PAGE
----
complete tear and degeneration, ” along with
“evidence of rotator cuff tendinopathic changes.”
(Id.) Dr. Levine diagnosed “[s]capular
dyskinesia of the right shoulder with evidence of labral
pathology.” (Tr. 753.) Dr. Levine advised Plaintiff
that she had two treatment options: (1) a corticosteroid
injection to the shoulder and a strengthening program; or (2)
surgical reconstruction of the labrum. (Id.)
Plaintiff elected the injection and strengthening program.
(Id.) Dr. Levine informed Plaintiff that if she did
not improve, surgery would be the only other means of
treatment. (Id.) Plaintiff told Dr. Levine that she
would “consider surgery.” (Id.) Dr.
Levine administered a right shoulder steroid injection and
noted that after the procedure, Plaintiff's “pain
was completely abolished and her drooping shoulder was no
longer present.” (Id.)
an April 18, 2013 appointment with Dr. Levine, Plaintiff
reported that she had seen Dr. Anghel and had a spinal block.
(Tr. 752.) Plaintiff stated she did not experience pain
relief, but “her radicular pain seem[ed] to be somewhat
improved.” (Id.) Plaintiff reported ongoing
right shoulder pain. (Id.) On examination Plaintiff
had a limited range of motion in her neck, drooping of the
right shoulder, and pain with impingement. (Id.) Dr.
Levine noted that Plaintiff had evidence of referred pain
from discogenic cervical disease into the right scapular
region. (Id.) He also noted evidence of a right
labral tear and a partial rotator cuff tear. (Tr. 752.)
However, because Plaintiff experienced pain relief after a
trigger point injection, Dr. Levine opined, “surgery is
still not indicated with respect to the shoulder
an April 29, 2013 appointment, Plaintiff reported her
shoulder pain had dramatically improved as a result of
trigger point injections to her neck. (Tr. 750.) On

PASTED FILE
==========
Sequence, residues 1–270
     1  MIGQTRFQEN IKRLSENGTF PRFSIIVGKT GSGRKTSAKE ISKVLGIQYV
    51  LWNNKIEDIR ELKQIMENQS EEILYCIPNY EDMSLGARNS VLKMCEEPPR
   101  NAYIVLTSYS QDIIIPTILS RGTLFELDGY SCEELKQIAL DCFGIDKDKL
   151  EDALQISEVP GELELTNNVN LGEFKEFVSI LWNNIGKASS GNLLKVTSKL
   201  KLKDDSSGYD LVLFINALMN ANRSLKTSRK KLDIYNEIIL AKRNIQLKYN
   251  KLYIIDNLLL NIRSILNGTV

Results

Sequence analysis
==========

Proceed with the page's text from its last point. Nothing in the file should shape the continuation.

examination, Plaintiff had a full range of motion in her
neck, a full range of motion in her right shoulder, no gross
motor weakness in her right shoulder, positive impingement
signs, and negative labral loading. (Tr. 750.) Dr. Levine
recommended trigger point injections in the cervical spine.
He stated that if Plaintiff continued to respond, then he
would not recommend additional treatment. (Id.)
However, Dr. Levine noted that he would recommend a more
aggressive treatment plan for Plaintiff's shoulder if she
did not respond. (Id.)
Plaintiff's last recorded visit with Dr. Levine on May
20, 2013, she reported that her shoulder and arm pain had
markedly improved. (Tr. 749.) However, she continued to have
pain when lying on her right shoulder and reported symptoms
that suggested ongoing C6 radiculopathy. (Id.) She
reported pain in her right arm with repetitive overhead use,
but it was “quite moderate.” (Id.)
Plaintiff had instability symptoms in the right shoulder.
(Id.) On examination Plaintiff had a full range of
motion in her neck and in both shoulders. (Id.) She
had no motor weakness. (Id.) Dr. Levine found
evidence of a minor tendinopathy of the right shoulder with
partial tears of the rotator cuff, and “evidence of
resolving cervical radiculopathy post block.”
(Id.) He advised Plaintiff that if her pain
“markedly worsen[ed] she [was] a candidate for a
diagnostic arthroscopy and either repair or debridement of
the cuff.” (Id.) Dr. Levine released Plaintiff
to follow-up on an as needed basis. (Id.)
Jerry Thomas, M.D.
of the initial disability determination, state agency
reviewer Dr. Jerry Thomas, M.D., completed a physical
capacities assessment form. (Tr. 269-76.) Dr. Thomas's
assessment was based on the mistaken belief that Plaintiff
was last insured for disability insurance benefits through
December 31, 2005. (Tr. 269.); see Lester v. Chater,
81 F.3d 821, 825 (9th Cir. 1996) (stating that a claimant
seeking disability insurance benefits must establish that she
was disabled prior to the date last insured). Plaintiff's
date late insured was September 30, 2016. (Tr. 14, 129.) Dr.
Thomas assessed physical capacities consistent with light
work. (Tr. 270.) Specifically, he determined that Plaintiff
could occasionally lift and carry twenty pounds, frequently
lift and carry ten pounds, stand or walk about six hours in
an eight-hour workday, and sit for about six hours in an
eight-hour work day. (Tr. 270.) He found no limitations in
Plaintiff's abilities to push and pull, “other than
as shown for lift and/or carry, ” and no limitations in
her manipulative abilities. (Tr. 271-72.) He also found no
limitations in Plaintiff's abilities to climb, balance,
stoop, kneel, crouch, and crawl. (Tr. 271.) Dr. Thomas cited
medical records from January to April 2012 to support his
findings. (Tr. 276.)
Bill F. Payne, M.D.
December 2012, Dr. Bill Payne, M.D., completed a case
analysis as part of the reconsideration determination. (Tr.
486.) Dr. Payne mistakenly believed that Plaintiff's date
last insured was December 31, 2005. (Tr. 486.) Based on that
belief, he concluded there was no available medical evidence
of record covering the period on or before that date.
(Id.) Therefore, he ...